Saving Young Lives: Speaks with the Founder of Homeboy Industries

By Megan Driscoll

fr greg boyle Please describe the mission and philosophy of Homeboy Industries for our readers.

Father Greg: Homeboy Industries is the largest, most comprehensive and most successful gang intervention and rehab center in the world. It's a place where gang members can come to redirect their lives. Can you tell us about your background and how you founded Homeboy Industries?

FG: I grew up in Los Angeles and have a Master of Divinity. Earlier in my career as a Jesuit priest, I was assigned to Delores Mission Parish. Nestled in the middle of two public housing projects, it was at that time the poorest parish in the city. The highest concentration of gang activity in the whole world was in my neighborhood, in my parish.

I found myself burying young people, the first funeral I oversaw being in 1988. (My 174th will be sometime this week.) I just had to do something to confront the violence. So we started a school first of all, and then a jobs program and then our businesses. Each step we've taken has been to meet the concrete needs of this population. Homeboy Industries started off as the Homeboy Bakery. Can you describe how it evolved into the multifaceted organization that it is now?

FG: The bakery was our first business. When the demand was too great and there weren't enough jobs in the church for the population, a movie producer bought the empty vacant bakery across the street from the church for me. We called it Homeboy Bakery, and we were off and running. A month later, we started Homeboy Tortillas in the Grand Central Market; once we had two businesses, we came up with 'Homeboy Industries.' Homeboy Industries offers a wide range of gang intervention services, from employment counseling to tattoo removal. Can you describe how education fits into the program, and what types of education services you provide?

FG: We have a school still on the premises for young folks and GED classes. We encourage people to go on to higher education or vocational training, helping with applications and finding the right schools.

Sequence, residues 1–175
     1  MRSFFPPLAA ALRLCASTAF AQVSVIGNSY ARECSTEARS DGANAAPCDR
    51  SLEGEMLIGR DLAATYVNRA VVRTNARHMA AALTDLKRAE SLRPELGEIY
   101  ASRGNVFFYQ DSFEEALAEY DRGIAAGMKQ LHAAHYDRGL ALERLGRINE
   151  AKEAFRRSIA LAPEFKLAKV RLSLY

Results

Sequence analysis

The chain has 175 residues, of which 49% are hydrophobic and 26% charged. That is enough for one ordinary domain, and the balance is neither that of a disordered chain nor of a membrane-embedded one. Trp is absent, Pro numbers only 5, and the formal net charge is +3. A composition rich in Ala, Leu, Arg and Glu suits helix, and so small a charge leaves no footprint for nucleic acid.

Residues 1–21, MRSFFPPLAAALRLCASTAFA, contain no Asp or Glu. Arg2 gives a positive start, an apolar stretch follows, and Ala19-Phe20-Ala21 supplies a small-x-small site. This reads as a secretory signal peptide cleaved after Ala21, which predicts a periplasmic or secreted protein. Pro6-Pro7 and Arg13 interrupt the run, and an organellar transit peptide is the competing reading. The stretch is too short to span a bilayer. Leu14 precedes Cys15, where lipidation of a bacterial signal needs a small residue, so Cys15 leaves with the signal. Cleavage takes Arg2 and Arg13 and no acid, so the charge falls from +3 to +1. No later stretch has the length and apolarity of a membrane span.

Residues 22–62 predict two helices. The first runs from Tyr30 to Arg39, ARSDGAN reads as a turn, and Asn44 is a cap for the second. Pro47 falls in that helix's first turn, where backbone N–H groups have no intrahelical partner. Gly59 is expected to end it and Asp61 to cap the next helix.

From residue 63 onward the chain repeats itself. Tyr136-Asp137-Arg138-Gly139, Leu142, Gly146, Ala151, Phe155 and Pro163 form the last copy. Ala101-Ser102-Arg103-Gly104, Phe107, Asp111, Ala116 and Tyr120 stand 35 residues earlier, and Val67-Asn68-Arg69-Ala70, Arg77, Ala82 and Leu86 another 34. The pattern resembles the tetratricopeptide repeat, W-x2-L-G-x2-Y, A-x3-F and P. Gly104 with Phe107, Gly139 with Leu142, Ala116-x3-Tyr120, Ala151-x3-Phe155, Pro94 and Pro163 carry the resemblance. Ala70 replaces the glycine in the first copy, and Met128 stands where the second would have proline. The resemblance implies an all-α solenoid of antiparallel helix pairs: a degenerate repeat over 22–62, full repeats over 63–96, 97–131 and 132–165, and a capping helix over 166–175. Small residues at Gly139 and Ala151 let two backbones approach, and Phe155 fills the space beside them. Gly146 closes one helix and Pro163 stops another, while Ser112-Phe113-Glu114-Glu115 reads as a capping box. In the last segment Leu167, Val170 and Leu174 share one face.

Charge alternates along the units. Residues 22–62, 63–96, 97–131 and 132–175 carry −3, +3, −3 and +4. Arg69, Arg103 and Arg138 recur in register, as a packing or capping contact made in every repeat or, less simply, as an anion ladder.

However, frankly, rare is the moment when somebody from this population is applying for college. It's happened occasionally, but it's quite uncommon. Homebody Industries is described as a 'national model' for gang intervention. Have you worked with other organizations to help export that model? Can you tell us about those organizations and what that process looks like?

FG: We're an international model, not just because we say that we are, but because Sweden and Uruguay and Spain say it, and Wichita and Spokane and Miami, too.

There are a lot of places where people have started very similar projects, but they're still projects born from the ground up in those specific cities and countries. What does the future of Homeboy Industries look like? Can you describe any specific goals you have for the organization?

FG: First, we want to keep our doors open. We would also love to have the city, county and state acknowledge that we save the county $20 million a year - and that we save the state the same amount of money. Our hope is that this will get recognized at some point so that the county will help us more than it does. Many of our readers may be interested in supporting the mission of Homeboy Industries. How can they get involved?

FG: For local people, we accept volunteers. Currently, we have about a hundred.

And we certainly take donations - it takes a lot of money to run this place. About 1,000 folks a month walk through our doors seeking our services, unlike a lot of comparable programs in the country, which struggle to get people to show up. How do you get so many people coming to you?

FG: It's all evolved. We probably were serving only the gang members from the projects first. But now we're in our fourth location, and we serve the whole county, which includes about 1,100 gangs and 86,000 gang members. I suspect folks from just about every gang in the whole county have walked through the doors here. Finally, I'd like to give you the opportunity to share anything you'd like about Homeboy Industries, gang intervention and the work you're doing to transform young people's lives.

FG: It's very gratifying to watch people inhabit the truth of who they are, to see that they're exactly what God had in mind when God made them. And that they don't have to become something that they're not; they just have to discover the truth of who they are. It's a nice, heartening thing to witness. I like arriving at work every day to view this. And the day never fails, it always reveals it.

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